The genre of still-life was at the heart of Ben Nicholson’s practice, from his earliest work in the 1920s through to the 1960s, when he produced July 1960 (green and black) and beyond. His father, the acclaimed painter Sir William Nicholson, was famously a master of the genre and Ben credited his father for the early interest: ‘of course I owe a lot to my father – especially to his poetic idea and to his still life theme. That didn’t come from Cubism… but from my father’ (Ben Nicholson quoted in The Sunday Times, 28th April 1963). Despite the generous attribution of his success to his father, Nicholson’s exposure to Cubism in Paris in the 1920s and the 1930s, and his friendship with Georges Braque played a significant role in his continual return to the genre. The interlocking shapes and stylised lines of the table top objects in July 1960 (green and black) clearly allude to Cubist influences and more specifically to Picasso and Braque’s Synthetic Cubism that they developed together in the first decade of the 20th Century. Though much of his work in the 1960s was focused on the landscape, his interest in still-lifes was unwavering and he worked on both themes in tandem. Nicholson’s third wife, the photographer Felicitas Volger, whom he married in 1957, took numerous photographs of Nicholson’s collection of vessels placed in perfect formation against a backdrop of the rugged Swiss landscape (see fig.1) or positioned in front of Nicholson’s own works.  

A table-top composition, July 1960 (green and black) perfectly exemplifies Nicholson’s project to take this most traditional of genres and make it distinctively his own and unabashedly avant-garde. July 1960 (green and black) is simultaneously sparse but detailed and rich in texture, rigidly formal whilst remaining decorative and sensuous. Nicholson’s multitude of artistic concerns are synthesised into a work of restraint and bravura. The colour Nicholson uses is translucent – as A.M. Hammacher wrote in 1966, ‘His colour is wraith-like, filmy and unsubstantial, like a glimpse of light on the threshold of a new-born world. No bright reds or bright yellows, no bright blues here. His colours are either on the verge of brightness or caught in the act of disappearing.’ (A.M. Hammacher, ‘The Recent Ben Nicholson’ in Ben Nicholson Recent Work, exh. cat. Galerie Gimpel & Hanover, 1966, unpaginated). Minute modulations of colour unfold across the composition, as white turns into cream, cream to grey, grey to brown, enlivened by the assured strokes that constitute the dense black contours outlining the table and objects, with the gloriously voluptuous curl of a handle that curves through the centre of the piece. Whilst at first glance the work seems austere, A.M. Hammacher summarised the lushness unfolding upon sustained attention to the composition: ‘In my imagination I see before me a violinist, the arm, the wrist, the fingers, all trained to perfection, producing the graceful lines of an invisible music.’ (A.M. Hammacher, ibid).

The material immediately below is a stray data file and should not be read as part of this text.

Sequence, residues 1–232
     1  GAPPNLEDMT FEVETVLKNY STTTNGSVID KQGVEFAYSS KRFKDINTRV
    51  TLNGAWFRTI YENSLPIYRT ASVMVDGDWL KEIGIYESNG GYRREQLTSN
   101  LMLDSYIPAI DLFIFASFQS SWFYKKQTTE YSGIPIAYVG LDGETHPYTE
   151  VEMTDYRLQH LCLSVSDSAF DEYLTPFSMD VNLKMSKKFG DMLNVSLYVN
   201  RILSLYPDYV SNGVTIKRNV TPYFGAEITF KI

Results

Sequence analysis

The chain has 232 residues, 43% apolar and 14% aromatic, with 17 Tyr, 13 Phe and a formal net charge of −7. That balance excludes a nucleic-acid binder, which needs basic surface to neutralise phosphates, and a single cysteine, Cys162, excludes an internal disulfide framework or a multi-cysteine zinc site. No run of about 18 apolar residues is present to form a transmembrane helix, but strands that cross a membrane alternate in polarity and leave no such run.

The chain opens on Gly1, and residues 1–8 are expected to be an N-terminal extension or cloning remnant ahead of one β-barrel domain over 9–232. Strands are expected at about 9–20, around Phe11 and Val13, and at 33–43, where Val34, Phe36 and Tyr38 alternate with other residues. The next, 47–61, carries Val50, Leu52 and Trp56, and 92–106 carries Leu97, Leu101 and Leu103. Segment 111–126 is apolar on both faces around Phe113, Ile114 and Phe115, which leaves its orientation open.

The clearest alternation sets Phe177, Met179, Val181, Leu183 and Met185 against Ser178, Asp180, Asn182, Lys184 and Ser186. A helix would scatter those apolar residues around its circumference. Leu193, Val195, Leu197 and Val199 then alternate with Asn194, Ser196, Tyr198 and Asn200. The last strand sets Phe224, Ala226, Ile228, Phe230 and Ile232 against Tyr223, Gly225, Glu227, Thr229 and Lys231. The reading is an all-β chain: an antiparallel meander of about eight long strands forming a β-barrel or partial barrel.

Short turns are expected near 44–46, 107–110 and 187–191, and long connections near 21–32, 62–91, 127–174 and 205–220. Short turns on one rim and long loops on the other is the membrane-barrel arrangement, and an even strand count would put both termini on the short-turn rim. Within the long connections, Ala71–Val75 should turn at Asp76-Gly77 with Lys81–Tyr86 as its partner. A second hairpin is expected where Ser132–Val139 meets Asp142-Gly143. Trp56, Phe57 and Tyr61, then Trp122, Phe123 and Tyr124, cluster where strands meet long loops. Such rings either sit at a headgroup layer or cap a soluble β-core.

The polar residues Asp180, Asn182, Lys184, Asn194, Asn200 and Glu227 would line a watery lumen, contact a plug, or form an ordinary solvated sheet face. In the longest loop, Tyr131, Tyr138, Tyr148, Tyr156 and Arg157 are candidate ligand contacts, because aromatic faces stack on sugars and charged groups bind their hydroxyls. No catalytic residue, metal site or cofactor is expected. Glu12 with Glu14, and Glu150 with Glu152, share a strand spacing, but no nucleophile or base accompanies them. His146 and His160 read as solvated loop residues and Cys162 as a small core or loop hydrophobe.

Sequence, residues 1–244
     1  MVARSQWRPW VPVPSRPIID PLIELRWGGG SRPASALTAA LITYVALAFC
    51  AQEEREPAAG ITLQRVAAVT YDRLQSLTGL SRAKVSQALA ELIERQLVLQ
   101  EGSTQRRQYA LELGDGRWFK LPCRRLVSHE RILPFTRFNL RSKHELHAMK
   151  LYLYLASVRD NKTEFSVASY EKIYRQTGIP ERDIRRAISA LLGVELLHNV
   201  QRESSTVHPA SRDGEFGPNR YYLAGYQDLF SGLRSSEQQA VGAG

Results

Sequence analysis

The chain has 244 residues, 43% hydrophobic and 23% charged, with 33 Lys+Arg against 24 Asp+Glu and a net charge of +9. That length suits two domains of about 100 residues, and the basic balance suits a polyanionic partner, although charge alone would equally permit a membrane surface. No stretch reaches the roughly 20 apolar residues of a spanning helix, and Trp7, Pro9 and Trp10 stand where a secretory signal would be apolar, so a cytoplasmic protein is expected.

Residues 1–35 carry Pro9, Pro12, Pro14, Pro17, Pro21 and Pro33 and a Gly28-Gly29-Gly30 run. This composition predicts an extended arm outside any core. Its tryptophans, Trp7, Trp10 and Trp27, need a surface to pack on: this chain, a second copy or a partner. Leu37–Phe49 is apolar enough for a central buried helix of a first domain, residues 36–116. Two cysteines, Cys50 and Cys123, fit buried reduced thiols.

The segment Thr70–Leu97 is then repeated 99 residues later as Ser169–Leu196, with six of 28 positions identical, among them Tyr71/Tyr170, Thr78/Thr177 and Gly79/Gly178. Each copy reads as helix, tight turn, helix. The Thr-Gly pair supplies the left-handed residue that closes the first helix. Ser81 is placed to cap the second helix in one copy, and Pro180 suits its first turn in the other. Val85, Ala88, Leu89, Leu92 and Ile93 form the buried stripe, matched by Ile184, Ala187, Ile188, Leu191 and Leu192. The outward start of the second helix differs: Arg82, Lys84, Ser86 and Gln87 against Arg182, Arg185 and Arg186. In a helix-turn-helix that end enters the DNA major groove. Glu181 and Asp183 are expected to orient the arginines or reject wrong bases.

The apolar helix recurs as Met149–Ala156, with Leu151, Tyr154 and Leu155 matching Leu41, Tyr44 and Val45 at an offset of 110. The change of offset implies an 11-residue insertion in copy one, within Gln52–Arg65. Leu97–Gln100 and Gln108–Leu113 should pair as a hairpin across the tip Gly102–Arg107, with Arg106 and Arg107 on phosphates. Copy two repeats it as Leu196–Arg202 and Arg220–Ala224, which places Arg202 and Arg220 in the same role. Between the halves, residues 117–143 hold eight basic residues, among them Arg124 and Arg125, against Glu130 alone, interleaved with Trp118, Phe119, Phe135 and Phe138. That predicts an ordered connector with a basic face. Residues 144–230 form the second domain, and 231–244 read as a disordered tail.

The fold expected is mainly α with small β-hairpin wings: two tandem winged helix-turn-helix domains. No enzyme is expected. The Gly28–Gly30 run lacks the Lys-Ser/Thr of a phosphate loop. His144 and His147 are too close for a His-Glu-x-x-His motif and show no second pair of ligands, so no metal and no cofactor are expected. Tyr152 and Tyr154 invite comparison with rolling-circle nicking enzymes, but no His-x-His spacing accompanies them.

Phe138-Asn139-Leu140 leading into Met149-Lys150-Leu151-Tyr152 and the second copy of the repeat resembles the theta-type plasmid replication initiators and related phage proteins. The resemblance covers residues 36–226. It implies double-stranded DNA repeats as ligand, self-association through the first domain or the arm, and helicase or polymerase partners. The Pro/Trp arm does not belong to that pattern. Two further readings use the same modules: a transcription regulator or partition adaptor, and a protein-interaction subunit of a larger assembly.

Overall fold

With muted colours, the texture of the surface of the work takes prominence and the very process of the making of July 1960 (green and black) is written into the final painting. The grain of the support is visible and integral to the overall effect with Nicholson rubbing thin layers of oil paint into the canvas and board and then scrapping away to create a work of immense tonal depth and tactile appeal.